Lean is not new. Many have — in one way or another — been confronted with the Lean philosophy, its tools and its potentially significant results. Maybe you yourself as well have read a book, attended a conference, or maybe even enjoyed training. And more and more have actually started with Lean initiatives in a pilot area or even across their whole business.
In the social media and professional sites and journals as well, Lean gets more and more attention. When you read many of the cases, you get the impression that there’s quite some sorting, setting in order, shining, standardizing and sustaining going on in our workplaces nowadays. Apparently we are creating more and more clean and organized work areas and offices. But what, in fact, is the essence of all this? Why all the labels and markings on the floor?
Others are busy documenting their work procedures. Work areas are filled with pictures and visuals all together sometimes more than the size of wall paper. It sometimes looks like an over-decorated Christmas tree. There are more visuals than actual work space. So what’s the idea? Why the Christmas trees?
Unfortunately, may organizations get stuck at this level of thinking. They send their employees to trainings, they apply the tools, but have great difficulty in sustaining the application of the tools. They look at Lean as if it were something for the shop floor by the shop floor; to get a one-off improvement in their manufacturing or assembly processes. But something essential is often missing: the underlying management philosophy. The labels, markings and visuals are only symptoms of Lean; symptoms of the management philosophy that Lean is.
The management philosophy behind Lean is based upon the principle of “knowing, seeing, reacting”: (a) together knowing what the best way is to organize and perform the work, (b) seeing when the work is not performed according to the best way defined, and (c) properly and consistently reacting to situations that are detected by applying (a) and (b).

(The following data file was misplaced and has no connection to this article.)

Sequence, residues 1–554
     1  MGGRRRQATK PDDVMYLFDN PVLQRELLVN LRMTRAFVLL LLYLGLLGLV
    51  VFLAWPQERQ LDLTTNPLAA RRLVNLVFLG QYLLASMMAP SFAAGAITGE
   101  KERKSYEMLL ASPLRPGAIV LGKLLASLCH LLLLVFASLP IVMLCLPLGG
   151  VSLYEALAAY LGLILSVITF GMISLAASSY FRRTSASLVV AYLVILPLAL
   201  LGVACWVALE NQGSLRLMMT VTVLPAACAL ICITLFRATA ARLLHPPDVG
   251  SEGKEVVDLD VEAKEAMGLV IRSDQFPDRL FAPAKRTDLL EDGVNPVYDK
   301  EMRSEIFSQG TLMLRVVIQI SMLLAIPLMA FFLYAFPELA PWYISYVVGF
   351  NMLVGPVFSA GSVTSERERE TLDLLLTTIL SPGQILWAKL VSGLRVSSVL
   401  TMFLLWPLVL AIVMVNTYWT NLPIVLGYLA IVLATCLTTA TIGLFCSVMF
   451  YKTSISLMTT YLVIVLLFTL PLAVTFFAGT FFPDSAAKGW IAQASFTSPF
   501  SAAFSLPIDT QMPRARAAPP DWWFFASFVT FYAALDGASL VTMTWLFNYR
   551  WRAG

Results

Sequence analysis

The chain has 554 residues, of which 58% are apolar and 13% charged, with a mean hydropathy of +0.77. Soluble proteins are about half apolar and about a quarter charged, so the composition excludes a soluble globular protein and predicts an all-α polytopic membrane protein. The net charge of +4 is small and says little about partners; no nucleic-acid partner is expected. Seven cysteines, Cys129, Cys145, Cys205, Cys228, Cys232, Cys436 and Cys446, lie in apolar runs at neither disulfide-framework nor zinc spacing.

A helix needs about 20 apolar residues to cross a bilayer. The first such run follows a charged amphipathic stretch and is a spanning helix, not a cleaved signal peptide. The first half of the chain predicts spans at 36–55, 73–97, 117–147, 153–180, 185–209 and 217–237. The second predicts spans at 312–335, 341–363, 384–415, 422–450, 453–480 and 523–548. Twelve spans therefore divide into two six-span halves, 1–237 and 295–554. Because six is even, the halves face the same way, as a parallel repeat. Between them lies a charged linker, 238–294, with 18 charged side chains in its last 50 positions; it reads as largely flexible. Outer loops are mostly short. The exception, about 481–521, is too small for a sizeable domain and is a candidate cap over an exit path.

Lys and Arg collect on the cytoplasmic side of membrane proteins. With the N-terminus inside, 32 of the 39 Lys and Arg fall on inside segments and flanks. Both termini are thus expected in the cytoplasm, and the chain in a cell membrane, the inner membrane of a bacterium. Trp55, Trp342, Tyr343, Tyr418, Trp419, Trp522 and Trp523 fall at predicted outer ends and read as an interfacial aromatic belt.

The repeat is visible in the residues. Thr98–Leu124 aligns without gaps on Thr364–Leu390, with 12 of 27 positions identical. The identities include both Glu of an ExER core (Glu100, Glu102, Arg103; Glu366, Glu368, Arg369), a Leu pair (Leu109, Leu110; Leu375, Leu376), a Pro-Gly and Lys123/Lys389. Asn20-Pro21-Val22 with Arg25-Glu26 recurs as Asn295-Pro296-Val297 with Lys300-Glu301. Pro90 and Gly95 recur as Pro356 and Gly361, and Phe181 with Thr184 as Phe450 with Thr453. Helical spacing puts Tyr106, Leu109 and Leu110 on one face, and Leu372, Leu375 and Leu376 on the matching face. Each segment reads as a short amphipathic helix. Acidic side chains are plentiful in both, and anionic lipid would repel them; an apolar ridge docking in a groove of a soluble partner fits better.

The lines drawn on the shop floor are not there because they make the work place appear more organized and neat. These lines are there to indicate what the team has jointly defined as their best way to organize their work area. Even more, it is a visualization of an agreement between team members, team leaders, shifts and managers. As such it also serves as a reference for all to actually co-manage work. The visuals don’t only exist to define, organize, share and communicate. As if most workers don’t know their work and work area (although I must admit, the visualization does help in consensus building in case of disagreement). No, the visualization exists to enable management at all levels to react, learn and support in case of spotted deviations from the best way. No wonder therefore that Lean puts so much attention on go-and-see management by leaders that are present on the shop floor. Then it is there where one can spot instantaneously where productivity is leaking away and quality is lost.
As mentioned, the visualization enables everyone to manage the work. Visual management makes it possible for teams to truly become autonomous, take the proper decisions and can be responsible for performance. Striving for this type of autonomy is essential in the enabling continual improvement across the organization: by everyone, everywhere, everyday. To show off only the visual symptoms of Lean, but not the accompanying behavior, therefore is a signal that the organization has not yet truly embraced Lean thinking and doing.
So the next time you are planning to draw some more lines on the shop floor, don’t forget to also set the course for yourself and your management; then it is only through the application of the management philosophy that you will be able to reap the benefits promised by Lean.